Success Leads to Scrutiny for Daily Fantasy Sports Sites

A general view of the baseball field during a game between the Kansas City Royals and the Texas Rangers at Rangers Ballpark in Arlington, Texas.

A general view of the baseball field during a game between the Kansas City Royals and the Texas Rangers at Rangers Ballpark in Arlington, Texas. (Photo by Rick Yeatts/Getty Images)

February 5, 2016

The fortunes of daily fantasy sports sites have shifted in recent months. Just last fall, ads for DraftKings and FanDuel, the two biggest daily fantasy sites, were ubiquitous. But since October, the sites have come under increased scrutiny from law enforcement and government regulators, posing new challenges for the future of the industry.

The change in fortune is detailed in a New York Times report out Friday — published as part of an investigation with FRONTLINE into the daily fantasy sports industry. Citing two unnamed sources familiar with the matter, the Times reported that Major League Baseball, which has an exclusive marketing agreement with DraftKings, has notified the Boston-based site that it might terminate the deal if the company failed to comply with New York State law. In November, the state’s attorney general issued DraftKings and FanDuel a cease and desist order, saying their contests violate N.Y. gambling laws. The two sides are currently locked in a legal battle over the order.

The development comes just days after a major payment processor for the fantasy sites said it was withdrawing from the industry. And in “a new turn,” the report notes, “the I.R.S. division of criminal investigation and the F.B.I. are examining how fantasy games affect problem gamblers.” As the Times reports:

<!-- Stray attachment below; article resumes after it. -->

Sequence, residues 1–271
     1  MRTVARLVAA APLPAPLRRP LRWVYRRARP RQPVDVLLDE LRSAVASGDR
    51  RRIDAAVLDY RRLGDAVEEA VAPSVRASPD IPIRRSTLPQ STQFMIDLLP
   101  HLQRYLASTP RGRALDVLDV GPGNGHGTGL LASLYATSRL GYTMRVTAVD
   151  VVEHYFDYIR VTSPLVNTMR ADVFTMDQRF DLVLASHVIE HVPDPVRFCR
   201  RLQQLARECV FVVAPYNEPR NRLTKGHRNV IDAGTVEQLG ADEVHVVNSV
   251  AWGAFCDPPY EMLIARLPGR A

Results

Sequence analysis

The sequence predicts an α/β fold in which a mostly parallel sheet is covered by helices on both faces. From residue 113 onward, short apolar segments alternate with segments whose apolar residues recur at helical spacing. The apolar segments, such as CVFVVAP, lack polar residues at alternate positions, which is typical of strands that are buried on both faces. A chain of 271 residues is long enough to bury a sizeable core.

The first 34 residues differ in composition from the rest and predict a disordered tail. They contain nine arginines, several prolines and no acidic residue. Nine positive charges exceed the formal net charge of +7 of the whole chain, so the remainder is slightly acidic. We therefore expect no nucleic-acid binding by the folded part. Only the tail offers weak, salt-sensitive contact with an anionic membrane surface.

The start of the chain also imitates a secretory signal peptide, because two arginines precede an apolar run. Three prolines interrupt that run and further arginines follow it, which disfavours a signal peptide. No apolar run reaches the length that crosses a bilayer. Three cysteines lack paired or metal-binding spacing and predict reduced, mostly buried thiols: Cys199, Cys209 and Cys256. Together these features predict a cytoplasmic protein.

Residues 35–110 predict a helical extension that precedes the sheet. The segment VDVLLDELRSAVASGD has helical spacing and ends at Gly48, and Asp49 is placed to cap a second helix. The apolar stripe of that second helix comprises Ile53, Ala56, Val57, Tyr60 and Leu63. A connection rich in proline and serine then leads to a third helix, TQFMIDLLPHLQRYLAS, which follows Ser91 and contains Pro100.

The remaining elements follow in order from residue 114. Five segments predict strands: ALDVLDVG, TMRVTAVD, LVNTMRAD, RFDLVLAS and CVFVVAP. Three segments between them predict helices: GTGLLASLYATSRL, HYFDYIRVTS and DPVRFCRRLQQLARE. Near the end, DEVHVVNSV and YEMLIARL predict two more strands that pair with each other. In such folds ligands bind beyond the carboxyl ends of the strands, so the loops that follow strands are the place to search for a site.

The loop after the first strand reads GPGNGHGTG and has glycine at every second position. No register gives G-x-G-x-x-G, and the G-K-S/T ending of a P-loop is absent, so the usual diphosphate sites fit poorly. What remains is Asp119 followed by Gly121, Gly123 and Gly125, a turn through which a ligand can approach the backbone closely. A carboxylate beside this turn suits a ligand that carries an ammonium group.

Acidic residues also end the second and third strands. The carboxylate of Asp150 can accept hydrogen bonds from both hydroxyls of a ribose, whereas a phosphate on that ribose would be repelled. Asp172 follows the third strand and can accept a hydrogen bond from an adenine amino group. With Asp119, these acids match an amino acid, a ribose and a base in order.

The situation is deteriorating to the point that some experts wonder about the survival of the industry as it exists — whether it can outlast the very lack of regulation that allowed its untrammeled growth. “We are shocked at how quickly this has cascaded with the ongoing viability of this industry now in question,” Eilers Research, an independent firm that studies online gambling, wrote in November.

DraftKings and FanDuel maintain that the contests they offer on their sites require skill and knowledge, and should therefore not be considered a form gambling. While initially resisting regulation of the industry, both sites say they now support some “consumer protection” measures.

For more on the debate around daily fantasy sports, tune into FRONTLINE for The Fantasy Sports Gamble this coming Tuesday, Feb. 9 starting at 10 p.m. EST. The film, produced in partnership with The New York Times, traces the growth of these booming businesses and goes inside their operations at home and abroad. Watch a trailer below:

Priyanka Boghani

Priyanka Boghani, Deputy Digital Editor, FRONTLINE



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